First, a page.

Recent commentaries—1 optimistic, the other less so—shed light on the challenges ahead and how we can hope to overcome them.
Is it the best of times or the worst of times?
We don’t often have the opportunity to quote literary classics in this space, but 2 recent articles—a commentary published by The Washington Post and an analysis from The Economist—on the issue of antimicrobial resistance have left us feeling downright Dickensian.
And we’re likely not alone.
First, in her July 8 commentary in the Post, Michelle A. Williams, ScD, dean of the faculty and angelopoulos professor in public health and international development at the Harvard TH Chan School of Public Health and Harvard Kennedy School, describes mainstream media coverage of antibiotic resistance as tinged with “alarm…and helplessness.” Although she acknowledges that “[m]uch of this is warranted,” she believes “there is a clear path to reversing the situation.” You see, we’re thinking Dickens, but she’s focusing on another Charles: Darwin.
As Williams writes, humanity has faced infection-based public health challenges in the past (she cites smallpox and polio) and come out on top (think: survival of the fittest)—eventually. And she feels we can do it again when it comes to infections caused by antibiotic-resistant bacteria. To meet the challenges head on, she recommends a 3-pronged approach that includes:
“Reversing the tide of antibiotic resistance won’t be easy,” Williams writes. “[However], [e]xperts agree that this crisis is solvable with science and with money. The time to act is now.”
The Economist piece, published in the magazine’s “The World If…” section on July 6, begins with a fictionalized assessment of the “attack of the superbugs” in 2041, and it is far less sanguine, even perhaps delving into a bit of the fear-mongering Williams argues against. It describes a world in which no new antibiotics have been introduced in more than a decade—in other words, essentially, a society that failed to heed Williams’ advice, at least not until the situation had reached crisis proportions.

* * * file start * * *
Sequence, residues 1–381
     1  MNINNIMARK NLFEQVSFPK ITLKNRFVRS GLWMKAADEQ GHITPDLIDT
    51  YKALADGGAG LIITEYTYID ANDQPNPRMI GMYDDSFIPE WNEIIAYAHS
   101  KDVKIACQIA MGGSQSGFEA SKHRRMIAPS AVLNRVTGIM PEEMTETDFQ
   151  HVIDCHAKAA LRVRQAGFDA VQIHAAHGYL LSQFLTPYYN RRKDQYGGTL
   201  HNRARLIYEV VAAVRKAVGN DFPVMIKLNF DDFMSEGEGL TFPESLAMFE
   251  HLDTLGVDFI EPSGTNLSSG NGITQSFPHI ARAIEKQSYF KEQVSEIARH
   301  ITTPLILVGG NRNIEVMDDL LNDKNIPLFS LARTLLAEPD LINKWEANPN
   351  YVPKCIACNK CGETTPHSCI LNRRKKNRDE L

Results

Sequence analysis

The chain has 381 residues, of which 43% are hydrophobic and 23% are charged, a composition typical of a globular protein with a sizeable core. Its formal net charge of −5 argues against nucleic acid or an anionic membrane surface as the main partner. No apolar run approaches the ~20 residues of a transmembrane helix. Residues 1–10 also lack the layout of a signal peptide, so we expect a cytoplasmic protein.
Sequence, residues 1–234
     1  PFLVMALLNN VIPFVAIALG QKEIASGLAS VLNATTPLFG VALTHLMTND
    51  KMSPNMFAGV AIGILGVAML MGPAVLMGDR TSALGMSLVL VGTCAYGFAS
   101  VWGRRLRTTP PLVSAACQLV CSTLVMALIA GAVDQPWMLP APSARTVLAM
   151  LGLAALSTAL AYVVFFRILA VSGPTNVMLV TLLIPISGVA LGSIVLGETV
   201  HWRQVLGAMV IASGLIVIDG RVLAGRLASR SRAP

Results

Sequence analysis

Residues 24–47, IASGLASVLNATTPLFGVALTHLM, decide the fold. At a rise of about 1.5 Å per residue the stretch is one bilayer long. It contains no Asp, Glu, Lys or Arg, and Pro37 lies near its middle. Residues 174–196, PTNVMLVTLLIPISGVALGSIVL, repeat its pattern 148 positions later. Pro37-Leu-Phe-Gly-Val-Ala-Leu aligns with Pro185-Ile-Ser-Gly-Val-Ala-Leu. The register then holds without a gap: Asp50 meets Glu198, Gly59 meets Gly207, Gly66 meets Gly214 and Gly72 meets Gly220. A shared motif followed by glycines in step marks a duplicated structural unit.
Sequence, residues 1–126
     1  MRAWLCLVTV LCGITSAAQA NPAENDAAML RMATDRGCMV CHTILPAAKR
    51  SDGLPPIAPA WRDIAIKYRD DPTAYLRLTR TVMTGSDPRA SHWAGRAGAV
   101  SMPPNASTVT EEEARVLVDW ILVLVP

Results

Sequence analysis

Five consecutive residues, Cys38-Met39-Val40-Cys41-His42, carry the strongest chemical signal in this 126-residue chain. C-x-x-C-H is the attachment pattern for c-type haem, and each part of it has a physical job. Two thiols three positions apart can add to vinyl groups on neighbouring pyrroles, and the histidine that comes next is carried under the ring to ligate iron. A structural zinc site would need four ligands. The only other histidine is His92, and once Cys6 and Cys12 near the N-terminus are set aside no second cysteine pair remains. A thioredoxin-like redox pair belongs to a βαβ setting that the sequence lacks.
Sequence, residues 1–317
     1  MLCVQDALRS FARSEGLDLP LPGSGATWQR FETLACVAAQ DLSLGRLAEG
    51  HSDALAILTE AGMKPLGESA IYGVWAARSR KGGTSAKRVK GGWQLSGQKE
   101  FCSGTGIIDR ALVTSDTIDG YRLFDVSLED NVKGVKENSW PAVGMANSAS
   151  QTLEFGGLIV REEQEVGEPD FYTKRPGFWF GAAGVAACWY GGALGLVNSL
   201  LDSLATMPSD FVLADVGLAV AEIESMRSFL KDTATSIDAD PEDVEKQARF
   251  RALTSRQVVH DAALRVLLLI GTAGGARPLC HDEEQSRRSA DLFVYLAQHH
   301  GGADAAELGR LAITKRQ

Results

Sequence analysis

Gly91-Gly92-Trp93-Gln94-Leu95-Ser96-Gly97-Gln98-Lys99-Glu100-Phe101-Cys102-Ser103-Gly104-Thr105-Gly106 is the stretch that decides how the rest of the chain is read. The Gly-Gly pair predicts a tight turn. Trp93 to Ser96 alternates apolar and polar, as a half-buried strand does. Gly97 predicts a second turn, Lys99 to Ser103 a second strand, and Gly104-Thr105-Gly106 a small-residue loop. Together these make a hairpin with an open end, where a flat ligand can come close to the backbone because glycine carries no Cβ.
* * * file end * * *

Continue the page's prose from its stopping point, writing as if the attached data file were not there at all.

Indeed, by the time leaders—in The Economists’ narrative—choose to act, industry consolidation had diluted market competition (and thus innovation) in big pharma.
“The world faced a return to the pre-antibiotic era, when anyone could die from a tiny scratch or a simple infection, and even minor surgery could entail life-threatening risks,” the magazine’s editors write.
The advent of a new antibiotic—called parvomycin—and the creation of an international task force (Global Antibiotic Science Partnership, or GASP), the fictionalized account continues, began to reverse these trends. Notably, that latter initiative is a lot like something Williams proposes.
“[T]here are 2 reasons for optimism about the future of parvomycin and any new antibiotics that follow,” The Economist editors write. “The first is that the practices that promoted drug resistance in the past have finally been phased out, after decades of dithering. The second reason is that, thanks to the work of GASP, the pipeline of new antibiotics is starting to fill up again. It took a crisis in which millions lost their lives to prompt decisive action, and the fight is still far from over. But at least there is now cause for hope that an end to the post-antibiotic nightmare is in sight.”
Will life imitate art? Or will the leaders of the world, and big pharma, follow the blueprint of Williams and others? And finally, how will the media tell the tale?
As Dickens wrote, “There is nothing so strong or safe in an emergency of life as the simple truth.” When it comes to the issue of antibiotic resistance then, we’ll have to see what constitutes our “truth” in the future.